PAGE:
The latest consumer research by the LSB and the Law Society also showed that when choosing a main adviser, consumers only looked for services which had quality marks or other standards for 4% of issues.

Further, there are questions about whether such schemes really provide a signal of ‘better’ quality. The SRA notes that: ‘while these schemes cost providers money to join and an annual fee, we are not aware of any evidence that they improve the quality of service. There is also the risk that they can confuse consumers or provide unwarranted assurance’.

The CLC elaborates on this by explaining that: ‘Such kitemarks as exist attest to certain inputs by the firms in question in terms of business processes but do not measure or attest to quality of outputs’.

Despite the limited awareness from consumers, some quality marks may benefit consumers indirectly, as they are used by intermediaries who filter providers on their behalf. In principle, the use of quality marks by intermediaries can be beneficial because it can drive higher quality standards. However, there is the possibility that the use of an accreditation scheme as a requirement for access to a particular part of the sector can create an issue for competition, for example where the scheme is only open to one type of provider. The CLC raised this concern in relation to the Conveyancing Quality Scheme (CQS) which is managed by the Law Society for solicitors. However, in practice this has not been an issue. This is because, although solicitor firms are often required to hold CQS membership to access lender panels, CLC-regulated firms are not. 

The CLC also has concerns about the quasi-regulation that intermediaries can introduce through their requirements for quality and questioned whether the costs to providers are matched by the benefits, given their existing regulatory obligations. 

HMRC confirm dates for VAT on CON29 searches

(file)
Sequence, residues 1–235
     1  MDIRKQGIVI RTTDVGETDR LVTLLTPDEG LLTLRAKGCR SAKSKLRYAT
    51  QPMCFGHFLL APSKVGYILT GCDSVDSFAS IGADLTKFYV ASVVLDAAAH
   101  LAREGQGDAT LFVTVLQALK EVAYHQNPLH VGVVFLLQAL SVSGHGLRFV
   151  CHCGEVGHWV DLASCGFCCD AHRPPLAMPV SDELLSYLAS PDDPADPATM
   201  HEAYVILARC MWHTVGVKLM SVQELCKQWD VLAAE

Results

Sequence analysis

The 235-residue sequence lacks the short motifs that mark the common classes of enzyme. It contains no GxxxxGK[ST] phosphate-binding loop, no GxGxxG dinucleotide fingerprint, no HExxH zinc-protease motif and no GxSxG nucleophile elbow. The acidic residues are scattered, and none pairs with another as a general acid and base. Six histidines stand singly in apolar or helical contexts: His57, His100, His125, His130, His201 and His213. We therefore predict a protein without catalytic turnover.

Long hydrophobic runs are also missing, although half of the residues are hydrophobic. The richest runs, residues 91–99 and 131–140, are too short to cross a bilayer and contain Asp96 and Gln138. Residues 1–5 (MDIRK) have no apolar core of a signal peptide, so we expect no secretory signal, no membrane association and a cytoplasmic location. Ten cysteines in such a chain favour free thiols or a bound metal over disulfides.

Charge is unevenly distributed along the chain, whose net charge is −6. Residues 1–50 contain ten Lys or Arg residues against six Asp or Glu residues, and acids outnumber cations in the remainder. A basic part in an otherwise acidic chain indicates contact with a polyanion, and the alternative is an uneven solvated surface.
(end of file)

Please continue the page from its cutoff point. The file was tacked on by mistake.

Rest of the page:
HMRC have confirmed dates for VAT being applicable on CON29 searches.

An HMRC spokesperson has said:

“We are creating a level playing field for all conveyancers. Solicitors will be able to claim back the VAT payable in the normal way.

“We are in ongoing discussions with stakeholders and will address any questions they may have.”

It has been confirmed that the change is to be implemented by local authorities from 1st January 2017. However, should any local authorities foresee delays in implementation, they are to inform the HMRC – with the final deadline being no later than 31st March 2017.

VAT on local authority searches

The Law Society has issued new guidance for conveyancers amid continuing uncertainty over the imposition of VAT on local authority searches.

Though HMRC has still to provide any formal confirmation, Chancery Lane understands that although the change did take effect on 1 January, there will be a ‘long stop’ date of 31 March this year for councils who are not ready.

It remains unclear whether councils that do not begin charging VAT from 1 January will now wait until 31 March. It could mean there will be a ‘trickle’ of councils who begin charging on different dates in between.

Such ‘piecemeal implementation’ would be far from ideal, said the Society, which has urged solicitors to look at the local land charges sections of council websites to establish when their authority is proposing to implement the changes.

Society president Robert Bourns said: ‘It is extraordinary that we have not received substantive and direct responses to our letters to HMRC about this issue, as we could have provided better information to our members and this may have assisted in a smooth transition to a new regime.

‘We will be providing more information to solicitors as it becomes available.’

Council searches provide information for buyers and lenders about matters including planning decisions, building regulation consents, highway information, road schemes and public footpaths.